Charlie Don’t Surf Meaning | Surfing During War

You’ve probably seen the infamous Charles Manson t-shirt with ‘Charlie Don’t Surf’ written at its back, or heard of The Clash’s cult classic song of the same title. It’s a phrase that’s inspired countless art, songs, and multimedia references, and has created a huge impact in surfing culture, not only in America but also in Southeast Asia. 

But where did this statement really come from, and what’s the meaning behind this iconic phrase? 

“Charlie don’t surf!” is an iconic line from the 1979 war film ‘Apocalypse Now’ — a movie that retells the novel ‘Heart of Darkness’ by Polish writer Joseph Conrad. 

Written by John Milius and directed by Francis Ford Coppola, this film tackles about America’s sanguinity, as well as the realities and brutalities of the Vietnam war.

‘Apocalypse Now’ — The Film Where It All Started

Viet Cong is the armed communist revolutionary group of North Vietnam, who fought with South Vietnam and troops of the United States during the Vietnam war. Since Viet Cong has the initials of VC as in Victor-Charlie in the NATO phonetic alphabet, the American soldiers also referred to them as ‘Charlie’.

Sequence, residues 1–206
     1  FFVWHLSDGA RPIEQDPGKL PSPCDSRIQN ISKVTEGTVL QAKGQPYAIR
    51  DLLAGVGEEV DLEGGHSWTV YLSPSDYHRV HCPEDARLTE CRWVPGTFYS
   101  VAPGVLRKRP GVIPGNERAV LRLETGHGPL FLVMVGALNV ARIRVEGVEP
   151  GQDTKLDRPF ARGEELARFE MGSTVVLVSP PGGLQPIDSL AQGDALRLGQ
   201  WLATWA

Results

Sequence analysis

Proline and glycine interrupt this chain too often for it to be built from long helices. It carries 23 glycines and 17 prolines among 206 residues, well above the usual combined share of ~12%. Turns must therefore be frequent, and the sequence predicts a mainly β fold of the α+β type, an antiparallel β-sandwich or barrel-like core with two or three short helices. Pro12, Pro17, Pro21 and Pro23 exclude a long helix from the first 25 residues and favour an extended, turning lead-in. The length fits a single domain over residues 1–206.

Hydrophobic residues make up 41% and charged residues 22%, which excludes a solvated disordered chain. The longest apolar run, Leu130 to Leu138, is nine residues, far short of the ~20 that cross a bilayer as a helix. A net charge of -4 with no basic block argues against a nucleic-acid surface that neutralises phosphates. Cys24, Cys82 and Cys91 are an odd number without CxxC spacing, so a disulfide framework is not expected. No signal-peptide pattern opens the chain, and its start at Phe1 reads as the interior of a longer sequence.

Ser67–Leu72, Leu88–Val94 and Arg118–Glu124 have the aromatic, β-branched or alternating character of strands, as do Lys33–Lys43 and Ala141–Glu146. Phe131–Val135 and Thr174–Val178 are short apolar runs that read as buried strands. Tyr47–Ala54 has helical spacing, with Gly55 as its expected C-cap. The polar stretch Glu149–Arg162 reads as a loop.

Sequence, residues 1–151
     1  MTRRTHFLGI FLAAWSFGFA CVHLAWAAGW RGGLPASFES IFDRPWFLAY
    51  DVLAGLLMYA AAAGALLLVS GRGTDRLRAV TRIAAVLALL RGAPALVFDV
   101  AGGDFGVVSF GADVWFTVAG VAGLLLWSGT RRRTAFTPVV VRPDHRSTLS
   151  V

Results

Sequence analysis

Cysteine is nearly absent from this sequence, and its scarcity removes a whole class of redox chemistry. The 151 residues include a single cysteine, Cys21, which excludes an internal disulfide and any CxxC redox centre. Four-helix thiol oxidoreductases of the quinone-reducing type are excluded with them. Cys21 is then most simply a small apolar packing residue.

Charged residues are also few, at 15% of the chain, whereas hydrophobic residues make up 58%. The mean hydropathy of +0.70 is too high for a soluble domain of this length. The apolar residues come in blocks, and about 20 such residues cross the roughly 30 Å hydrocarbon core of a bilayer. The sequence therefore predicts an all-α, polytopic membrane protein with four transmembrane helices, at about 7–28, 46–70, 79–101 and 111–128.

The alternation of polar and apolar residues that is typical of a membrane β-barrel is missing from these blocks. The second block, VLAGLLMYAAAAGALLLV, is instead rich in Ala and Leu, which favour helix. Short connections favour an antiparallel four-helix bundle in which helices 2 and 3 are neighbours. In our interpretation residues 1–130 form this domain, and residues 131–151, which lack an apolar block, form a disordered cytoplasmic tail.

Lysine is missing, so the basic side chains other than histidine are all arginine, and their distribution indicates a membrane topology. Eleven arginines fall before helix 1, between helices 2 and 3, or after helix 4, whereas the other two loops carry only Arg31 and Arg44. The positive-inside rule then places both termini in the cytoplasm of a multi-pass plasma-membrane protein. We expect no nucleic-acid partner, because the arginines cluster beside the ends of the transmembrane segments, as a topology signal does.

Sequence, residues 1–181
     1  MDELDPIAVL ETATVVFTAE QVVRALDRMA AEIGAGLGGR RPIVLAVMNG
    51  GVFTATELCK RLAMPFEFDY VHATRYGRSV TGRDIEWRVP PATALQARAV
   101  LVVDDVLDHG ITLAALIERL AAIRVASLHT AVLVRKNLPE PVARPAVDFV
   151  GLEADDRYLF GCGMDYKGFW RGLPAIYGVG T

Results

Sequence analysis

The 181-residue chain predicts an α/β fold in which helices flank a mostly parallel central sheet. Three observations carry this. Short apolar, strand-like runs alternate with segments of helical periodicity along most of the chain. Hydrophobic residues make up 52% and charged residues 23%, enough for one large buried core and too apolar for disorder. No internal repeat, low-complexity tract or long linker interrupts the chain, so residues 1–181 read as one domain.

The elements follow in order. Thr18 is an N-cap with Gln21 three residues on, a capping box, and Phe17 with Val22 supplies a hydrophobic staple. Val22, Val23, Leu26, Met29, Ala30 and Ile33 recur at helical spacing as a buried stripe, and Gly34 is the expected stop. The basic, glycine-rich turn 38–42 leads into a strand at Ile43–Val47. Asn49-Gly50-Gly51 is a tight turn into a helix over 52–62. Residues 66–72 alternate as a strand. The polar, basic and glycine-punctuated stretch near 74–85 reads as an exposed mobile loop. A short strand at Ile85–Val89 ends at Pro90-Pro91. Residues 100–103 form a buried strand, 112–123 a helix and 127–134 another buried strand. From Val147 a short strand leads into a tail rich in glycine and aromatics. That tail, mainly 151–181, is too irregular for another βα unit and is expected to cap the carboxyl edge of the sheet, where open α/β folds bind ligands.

In the movie, “Charlie Don’t Surf!” was said by the lieutenant colonel, William “Bill” Kilgore. He was a good commander according to his men, albeit he sometimes go overboard with his decisions as a surfing afficionado. 

A member of his troop, Lance B. Johnson, is a professional surfer who’s also infamous for taking drugs. Perhaps it’s because of overconfidence or impulse, Kilgore instructed one of his officers to get his surfboard because he wanted Lance to surf in Charlie’s Point — a beach that stretches for miles with peaks reaching six feet and good surf breaks all year round. 

The problem is, they have to take out a Vietnamese military installation there before they can get to Charlie’s Point. This means engaging in a dangerous battle with a ground they can’t even hold for a long time. For this reason, one of the soldiers said,

“Well, I mean it’s pretty hairy in there. It’s Charlie’s Point!”

“Charlie don’t surf!”, replied Kilgore.

After the helicopter attack of the village where the Viet Cong’s military camp is, Kilgore then ordered Lance and his men to surf the waves, saying,

“If I say it’s safe to surf this beach, it’s safe to surf this beach. I’m not afraid to surf this place. I’ll surf this f*ckin’ place.”